Rimma Leibert’s mother Rosa Leibert

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This is my mother Rosa Leibert. This photo was taken on her birthday in Odessa in 1932. In 1920, during the Civil War, the time of devastation and epidemics, my maternal grandmother Riva contracted cholera from her neighbors, whom she was trying to help, and died within few days leaving five children behind. Grandfather Abram remarried, but his second wife, whose name I don't remember since my mother didn't even want a mention of her, happened to be a poor replacement of the mother of the children. My mother's older sister Lusia, born in1903, got married and moved to live with her husband. My mother's brother Boris, born in 1905, finished a rabfak and entered Odessa Polytechnic College. He became an engineer. He lived in Odessa with his wife Polia, a Jew, and their daughter Bella. My mother's sister Ola (Jewish Golda), born in 1910, my mother Reizl, born in 1912, and the youngest Tsylia, born in 1915, had the hardest life with their stepmother. Actually, I don't know what was so bad about this woman. Perhaps, she just failed to win the girls' love. My mother didn't like her whatsoever. My grandfather's brother Haim came to Kerch to take my mother to Odessa, when she was 14. This happened before she finished the 7th form at school. Ola stayed in Kerch. In the late 1920s she married Adolph Vakerman, a Jewish man from Odessa, and moved to Odessa. In the late 1930s Ola's daughter Galina was born. Tsylia never got married and lived with Ola's family. Haim's family lived in two little rooms near the dock in Odessa. However, Haim's wife welcomed Reizl, Haim's niece, warmly and never caused my mother's any discomfort about her living with them. Thus, my mother understood that it was hard for them to support her. Shortly after ward she went to work at the food preserve factory where she worked few years. Then she went to the cable factory. Having no education my mother worked as a laborer at both factories. In Haim's family my mother slept in a folding bed in the corridor. She gave her earning to Haim. She made friends in Odessa and they went to dancing parties, to the cinema and theater. When obtaining the passport, my mother changed her name to Rosa, a more convenient name at the time. My mother got fond of communist ideas like many young people of her time. She joined Komsomol and started a new life. In Haim's family Jewish traditions were still strong. They celebrated Jewish holidays, bought matzah on Pesach and conducted seder. However, things were changing. Haim worked in a dockers' crew on Saturdays and could not celebrate Sabbath any longer. When famine began in Ukraine they gave up kashrut eating whatever they could get to survive. My mother was an active Komsomol member. On weekends she traveled to villages with a group of other activists to propagate kolkhozes. These groups arranged meetings and made concerts singing revolutionary songs, reciting poems for the communist regime. For her activities my mother was awarded a stay in a recreation center in Odessa in 1932. That was where she met my father, who was there on vacation. My father Boris Leibert finished a political military school and served in Tbilisi, Georgia, where he was chief of political department of the garrison in Tbilisi. In 1932 he went to a military recreation house in Odessa. He met my mother and proposed to her almost two weeks after they met. My mother returned my father's feelings. They went to grandfather Abram in Kerch where they had a small wedding. They registered their marriage in a registry office in Kerch. After the wedding my father and mother went to Tbilisi where my father was on service.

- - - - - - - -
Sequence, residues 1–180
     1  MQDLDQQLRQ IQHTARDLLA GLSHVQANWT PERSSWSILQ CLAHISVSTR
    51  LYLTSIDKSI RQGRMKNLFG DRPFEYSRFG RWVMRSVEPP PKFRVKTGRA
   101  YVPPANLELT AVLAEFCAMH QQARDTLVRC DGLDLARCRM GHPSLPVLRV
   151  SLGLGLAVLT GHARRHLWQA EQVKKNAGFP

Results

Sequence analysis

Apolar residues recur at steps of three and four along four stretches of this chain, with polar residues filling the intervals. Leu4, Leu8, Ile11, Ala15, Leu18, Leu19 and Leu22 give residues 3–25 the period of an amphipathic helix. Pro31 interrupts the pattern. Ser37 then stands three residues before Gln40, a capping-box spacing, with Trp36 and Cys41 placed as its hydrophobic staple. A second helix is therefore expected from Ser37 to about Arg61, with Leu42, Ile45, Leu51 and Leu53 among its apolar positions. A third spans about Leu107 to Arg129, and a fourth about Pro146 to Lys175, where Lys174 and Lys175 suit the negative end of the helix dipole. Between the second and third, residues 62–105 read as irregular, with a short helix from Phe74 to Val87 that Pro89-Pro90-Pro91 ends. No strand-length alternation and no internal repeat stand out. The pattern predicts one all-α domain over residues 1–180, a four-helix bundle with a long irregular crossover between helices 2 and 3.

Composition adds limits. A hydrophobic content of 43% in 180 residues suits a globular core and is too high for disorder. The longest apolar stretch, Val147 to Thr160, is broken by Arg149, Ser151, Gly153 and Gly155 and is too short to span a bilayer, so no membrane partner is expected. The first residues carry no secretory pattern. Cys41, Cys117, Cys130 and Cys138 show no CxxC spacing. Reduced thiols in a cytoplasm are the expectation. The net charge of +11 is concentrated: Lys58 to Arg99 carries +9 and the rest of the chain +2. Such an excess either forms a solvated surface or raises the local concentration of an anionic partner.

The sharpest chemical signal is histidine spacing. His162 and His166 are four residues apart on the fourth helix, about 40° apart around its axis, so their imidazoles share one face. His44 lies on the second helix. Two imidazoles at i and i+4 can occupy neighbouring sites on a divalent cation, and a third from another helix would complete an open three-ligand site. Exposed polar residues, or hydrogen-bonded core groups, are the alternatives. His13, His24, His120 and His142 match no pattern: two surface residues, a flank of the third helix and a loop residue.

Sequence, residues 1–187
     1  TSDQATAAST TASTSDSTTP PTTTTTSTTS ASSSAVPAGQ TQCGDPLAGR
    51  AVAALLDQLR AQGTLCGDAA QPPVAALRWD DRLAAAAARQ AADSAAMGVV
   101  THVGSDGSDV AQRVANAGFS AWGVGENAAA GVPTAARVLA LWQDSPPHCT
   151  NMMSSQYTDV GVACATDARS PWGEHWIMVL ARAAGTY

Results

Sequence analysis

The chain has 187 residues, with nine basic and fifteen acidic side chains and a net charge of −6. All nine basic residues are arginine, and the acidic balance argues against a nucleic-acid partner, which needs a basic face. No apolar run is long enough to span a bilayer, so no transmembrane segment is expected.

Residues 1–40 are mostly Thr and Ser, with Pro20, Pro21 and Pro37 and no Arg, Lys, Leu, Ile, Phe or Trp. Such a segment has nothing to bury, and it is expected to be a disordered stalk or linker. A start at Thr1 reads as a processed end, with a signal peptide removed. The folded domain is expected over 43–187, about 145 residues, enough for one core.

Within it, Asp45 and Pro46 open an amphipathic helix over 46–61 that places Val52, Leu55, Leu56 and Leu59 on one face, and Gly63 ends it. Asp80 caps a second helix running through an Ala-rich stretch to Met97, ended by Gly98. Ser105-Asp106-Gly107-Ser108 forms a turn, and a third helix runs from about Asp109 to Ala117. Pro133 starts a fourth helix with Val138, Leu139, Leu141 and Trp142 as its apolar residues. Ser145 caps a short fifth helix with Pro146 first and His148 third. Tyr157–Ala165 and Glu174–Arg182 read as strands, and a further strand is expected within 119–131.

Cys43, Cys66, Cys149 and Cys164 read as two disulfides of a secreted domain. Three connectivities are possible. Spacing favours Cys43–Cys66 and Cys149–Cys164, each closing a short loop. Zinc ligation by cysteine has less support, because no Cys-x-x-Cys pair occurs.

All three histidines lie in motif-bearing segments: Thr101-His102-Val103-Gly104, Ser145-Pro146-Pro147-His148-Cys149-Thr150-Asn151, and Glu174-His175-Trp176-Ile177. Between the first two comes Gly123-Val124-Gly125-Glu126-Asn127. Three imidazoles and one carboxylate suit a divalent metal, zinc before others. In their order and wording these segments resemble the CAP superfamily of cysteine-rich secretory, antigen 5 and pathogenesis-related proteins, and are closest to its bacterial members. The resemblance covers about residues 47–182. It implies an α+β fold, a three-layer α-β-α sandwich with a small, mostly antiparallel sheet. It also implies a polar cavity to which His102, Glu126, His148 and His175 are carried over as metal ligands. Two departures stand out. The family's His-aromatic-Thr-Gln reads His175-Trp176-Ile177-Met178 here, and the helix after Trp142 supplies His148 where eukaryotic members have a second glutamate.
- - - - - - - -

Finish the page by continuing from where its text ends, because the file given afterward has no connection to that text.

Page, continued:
Interview details

Interviewee: Rimma Leibert
Zhanna Litinskaya
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Ternopol, Ukraine


Rosa Leibert
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after WW II
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